|Number of Stars:||
|Number of Planets:||
Hundreds. 63 inhabited
|Location of Nevarra Cluster in relation to the Federation|
|[ Source ]|
The Nevarra Cluster is home to the Nevarran Kingdom and the race known as the Nevarrans. The area is a grouping of several hundred stars within the area of nebulous gases - an in impediment to interstellar sensors and communication which has kept the stars of the cluster mostly isolated from the rest of the the galaxy. The Nevarran space forces have often turned back the more curious travellers intrigued by the region's mystery. The region's high density of stars, nebulae and moons bathes its worlds - especially those at the centre of the cluster such as the capital, Nevarra Prime - in bright light, which has caused the Nevarrans to develop over the centuries with an almost complete lack of night vision.
The cluster is home to a single sentient species - the Nevarrans themselves. Other species may have existed at some point in Nevarran history, but appear to have died out through the natural processes of evolution in a similar way to the neanderthals of Earth, with the Nevarrans becoming the dominant life form throughout the region, having developed rudimentary space travel at an earlier stage of their development than most comparable races due to the sheer proximity of other systems to their own.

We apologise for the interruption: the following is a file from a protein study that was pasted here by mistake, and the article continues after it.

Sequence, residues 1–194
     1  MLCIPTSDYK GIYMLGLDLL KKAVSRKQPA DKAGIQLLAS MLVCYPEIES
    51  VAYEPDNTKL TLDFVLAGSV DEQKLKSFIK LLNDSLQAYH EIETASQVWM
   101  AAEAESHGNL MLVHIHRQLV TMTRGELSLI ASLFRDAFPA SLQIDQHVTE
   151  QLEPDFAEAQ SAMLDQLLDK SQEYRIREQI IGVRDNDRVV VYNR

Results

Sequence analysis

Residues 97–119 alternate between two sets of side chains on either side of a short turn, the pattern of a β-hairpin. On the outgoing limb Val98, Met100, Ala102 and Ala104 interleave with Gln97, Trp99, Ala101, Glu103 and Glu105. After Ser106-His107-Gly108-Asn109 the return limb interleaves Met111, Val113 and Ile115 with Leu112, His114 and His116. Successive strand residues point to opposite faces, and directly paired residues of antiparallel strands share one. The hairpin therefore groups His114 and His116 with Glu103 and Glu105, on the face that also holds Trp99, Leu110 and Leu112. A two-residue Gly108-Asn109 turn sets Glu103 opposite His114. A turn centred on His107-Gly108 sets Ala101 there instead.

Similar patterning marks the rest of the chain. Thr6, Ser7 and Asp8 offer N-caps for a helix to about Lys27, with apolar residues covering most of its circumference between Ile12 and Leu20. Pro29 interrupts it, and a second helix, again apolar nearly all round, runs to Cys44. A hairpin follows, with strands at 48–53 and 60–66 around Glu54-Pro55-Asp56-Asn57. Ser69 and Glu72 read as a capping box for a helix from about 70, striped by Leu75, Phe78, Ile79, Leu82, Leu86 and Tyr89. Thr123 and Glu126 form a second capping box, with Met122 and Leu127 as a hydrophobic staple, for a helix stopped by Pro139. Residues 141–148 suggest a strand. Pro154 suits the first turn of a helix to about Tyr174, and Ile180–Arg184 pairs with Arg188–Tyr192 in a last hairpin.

Over the course of the centuries the Nevarrans have charted the entire cluster and mapped all the various regions.
Besides the famous stars which are orbited by solar systems, the Nevarran Cluster is home to hundreds of smaller stars as well as a few larger ones without any orbiting planetary bodies. The most obviously visible of which are a cluster of seven red dwarfs caught in each other's gravity wells and essentially forming a system of their own consisting only of these seven stars. Due to their close proximity and their colour, they are easily visible from any location within the Cluster, and in the worlds closer to them are even visible during the day.
The are a number of asteroid fields spread throughout the Cluster, including fields that are not part of any system's standard orbital satellites. The most intriguing of these is the Denmiur Belt; a large cluster of asteroids whose path through the cluster is affected by the gravity wells of multiple stars. The belt is constantly changing direction and follows a path through the cluster that appears to suggest it is constantly moving from the edge of one star's gravitational pull to the next, never being pulled with enough force to permanently enter a single star's orbit.